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Charpentiers d'Europe et d'ailleurs
Marking tools Scribe marks

Using the ground plan, carpenters scribe and cut all of the pieces that will be used in the construction. Every piece is unique and cannot be substituted for another, even if they have similar functions (such as two principal rafters). This is true even for standard-sized pieces. Even when they are industrially cut, pieces of wood have irregularities of the various joints have to take account of this.

At the worksite, confronted with a pile of wood that he or she will use, a carpenter must be able to recognise each piece and place it in the right direction

A unique mark is placed on each piece at a specific moment in the construction process. The marking system must, in theory, satisfy four requirements :
- Confronted with a pile of wood that he or she will use, a carpenter must be able to recognise each piece and place it in the right direction
- The marking system used must be easily adaptable to every type of structure that the worker will be called on to build (attic, half-timbering, bridge, etc.).
- Maximum economy must encourage the carpenter to use the minimum number of symbols. When this is the case, little effort is required to move pieces and familiarise oneself with the system.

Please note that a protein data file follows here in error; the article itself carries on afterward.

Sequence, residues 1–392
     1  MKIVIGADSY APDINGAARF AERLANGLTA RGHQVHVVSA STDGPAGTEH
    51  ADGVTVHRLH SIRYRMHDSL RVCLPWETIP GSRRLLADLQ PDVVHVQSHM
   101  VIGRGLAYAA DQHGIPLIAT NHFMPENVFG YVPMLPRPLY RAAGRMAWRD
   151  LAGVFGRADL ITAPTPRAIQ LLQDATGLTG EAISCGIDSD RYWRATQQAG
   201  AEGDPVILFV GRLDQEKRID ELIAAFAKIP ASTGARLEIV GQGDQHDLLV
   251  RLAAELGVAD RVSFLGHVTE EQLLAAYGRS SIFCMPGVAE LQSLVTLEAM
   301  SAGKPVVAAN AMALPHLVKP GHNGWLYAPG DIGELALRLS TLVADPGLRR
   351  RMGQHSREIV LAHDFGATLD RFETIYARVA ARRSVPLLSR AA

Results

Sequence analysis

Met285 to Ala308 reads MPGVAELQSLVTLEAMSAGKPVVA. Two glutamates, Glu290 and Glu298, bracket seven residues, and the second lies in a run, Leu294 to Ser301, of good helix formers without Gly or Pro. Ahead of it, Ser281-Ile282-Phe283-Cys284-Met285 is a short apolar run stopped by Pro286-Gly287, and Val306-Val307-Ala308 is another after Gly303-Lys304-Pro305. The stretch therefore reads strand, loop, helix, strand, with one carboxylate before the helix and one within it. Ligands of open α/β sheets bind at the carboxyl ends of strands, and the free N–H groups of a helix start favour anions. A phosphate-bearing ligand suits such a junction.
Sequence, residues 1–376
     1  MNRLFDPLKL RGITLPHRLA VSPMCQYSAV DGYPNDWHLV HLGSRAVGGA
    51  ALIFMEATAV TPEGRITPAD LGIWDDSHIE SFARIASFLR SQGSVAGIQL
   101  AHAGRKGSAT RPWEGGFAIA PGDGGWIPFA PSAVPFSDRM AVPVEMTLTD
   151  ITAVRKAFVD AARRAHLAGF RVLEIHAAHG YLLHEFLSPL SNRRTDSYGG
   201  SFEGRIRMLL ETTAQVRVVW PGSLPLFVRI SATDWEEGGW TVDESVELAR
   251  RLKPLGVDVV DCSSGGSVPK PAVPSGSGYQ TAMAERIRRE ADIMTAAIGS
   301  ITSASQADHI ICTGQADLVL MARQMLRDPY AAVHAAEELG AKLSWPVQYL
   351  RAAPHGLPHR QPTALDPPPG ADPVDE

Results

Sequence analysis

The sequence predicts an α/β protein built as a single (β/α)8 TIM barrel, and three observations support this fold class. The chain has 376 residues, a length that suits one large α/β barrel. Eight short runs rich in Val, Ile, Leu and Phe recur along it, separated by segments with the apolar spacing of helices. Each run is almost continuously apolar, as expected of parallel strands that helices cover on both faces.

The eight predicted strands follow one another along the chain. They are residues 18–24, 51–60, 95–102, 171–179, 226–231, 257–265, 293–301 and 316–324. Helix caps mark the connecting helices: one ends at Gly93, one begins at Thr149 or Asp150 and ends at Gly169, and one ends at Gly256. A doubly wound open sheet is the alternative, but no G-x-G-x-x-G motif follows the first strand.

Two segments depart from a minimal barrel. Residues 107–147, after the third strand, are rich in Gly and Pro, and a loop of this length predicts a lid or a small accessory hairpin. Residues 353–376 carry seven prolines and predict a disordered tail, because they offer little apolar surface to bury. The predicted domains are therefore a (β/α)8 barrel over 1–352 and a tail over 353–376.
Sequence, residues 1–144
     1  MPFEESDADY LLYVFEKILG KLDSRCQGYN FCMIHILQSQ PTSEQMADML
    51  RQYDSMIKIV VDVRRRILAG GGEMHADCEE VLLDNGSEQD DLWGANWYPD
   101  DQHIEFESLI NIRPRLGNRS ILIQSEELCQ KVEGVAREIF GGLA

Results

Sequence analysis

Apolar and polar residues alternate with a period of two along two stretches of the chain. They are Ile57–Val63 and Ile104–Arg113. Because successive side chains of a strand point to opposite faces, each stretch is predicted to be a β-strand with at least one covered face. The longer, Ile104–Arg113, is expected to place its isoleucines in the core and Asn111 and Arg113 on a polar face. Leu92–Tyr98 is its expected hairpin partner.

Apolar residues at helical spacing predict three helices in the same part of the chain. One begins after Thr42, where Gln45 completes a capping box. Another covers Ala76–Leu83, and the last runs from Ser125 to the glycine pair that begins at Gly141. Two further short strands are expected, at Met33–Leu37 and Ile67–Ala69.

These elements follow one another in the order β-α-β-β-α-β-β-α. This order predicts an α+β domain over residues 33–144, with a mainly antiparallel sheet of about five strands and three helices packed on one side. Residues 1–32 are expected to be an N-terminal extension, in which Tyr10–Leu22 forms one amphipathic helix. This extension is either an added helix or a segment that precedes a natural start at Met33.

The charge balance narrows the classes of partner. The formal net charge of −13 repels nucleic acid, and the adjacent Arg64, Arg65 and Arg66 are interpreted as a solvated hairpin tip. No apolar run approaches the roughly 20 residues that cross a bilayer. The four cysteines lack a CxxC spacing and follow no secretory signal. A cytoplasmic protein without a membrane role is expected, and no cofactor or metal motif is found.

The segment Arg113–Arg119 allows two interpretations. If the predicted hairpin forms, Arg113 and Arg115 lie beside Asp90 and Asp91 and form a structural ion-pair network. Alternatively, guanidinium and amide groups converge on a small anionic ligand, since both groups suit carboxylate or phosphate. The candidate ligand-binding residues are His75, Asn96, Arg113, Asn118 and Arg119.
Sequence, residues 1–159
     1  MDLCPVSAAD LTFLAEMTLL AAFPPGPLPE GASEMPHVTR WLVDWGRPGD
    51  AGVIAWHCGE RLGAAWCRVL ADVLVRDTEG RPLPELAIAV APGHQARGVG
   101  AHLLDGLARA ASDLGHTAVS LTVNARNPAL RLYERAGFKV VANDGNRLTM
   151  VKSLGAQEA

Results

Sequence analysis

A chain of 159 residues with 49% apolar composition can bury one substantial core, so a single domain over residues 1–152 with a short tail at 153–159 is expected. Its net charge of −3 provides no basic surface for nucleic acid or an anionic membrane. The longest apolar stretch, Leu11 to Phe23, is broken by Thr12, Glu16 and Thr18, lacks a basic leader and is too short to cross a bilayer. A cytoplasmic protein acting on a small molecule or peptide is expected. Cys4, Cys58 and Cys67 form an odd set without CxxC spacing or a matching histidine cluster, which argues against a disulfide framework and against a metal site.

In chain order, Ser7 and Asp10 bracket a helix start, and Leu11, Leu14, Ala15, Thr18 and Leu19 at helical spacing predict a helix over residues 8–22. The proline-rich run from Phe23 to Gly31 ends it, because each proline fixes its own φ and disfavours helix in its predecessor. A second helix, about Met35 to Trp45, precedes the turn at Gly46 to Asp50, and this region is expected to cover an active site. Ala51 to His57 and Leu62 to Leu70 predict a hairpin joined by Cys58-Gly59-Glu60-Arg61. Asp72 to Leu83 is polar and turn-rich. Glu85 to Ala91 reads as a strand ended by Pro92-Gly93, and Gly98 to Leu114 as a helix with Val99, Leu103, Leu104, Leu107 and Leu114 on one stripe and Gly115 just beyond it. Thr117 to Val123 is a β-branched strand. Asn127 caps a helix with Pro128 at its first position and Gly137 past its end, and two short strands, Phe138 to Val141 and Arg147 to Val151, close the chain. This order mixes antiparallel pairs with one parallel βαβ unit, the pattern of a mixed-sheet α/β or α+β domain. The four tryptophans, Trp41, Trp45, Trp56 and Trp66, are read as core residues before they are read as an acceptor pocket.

- Carpentry work is teamwork, and the marking code must be readable by all, and thus obey certain conventions

This final rule, which is more recent, has not always been followed, because in the past there were terrible rivalries within teams of carpenters, and the top spot was a coveted position. Given this state of affairs, one can understand the words of Mathurin Jousse, from 1627: "They also have imitation or false markings, which, it is said, some use to prevent others from building the structures themselves." Examination of certain historical frameworks confirms this, with esoteric marks or ones that are in a strange order, even when they are original.

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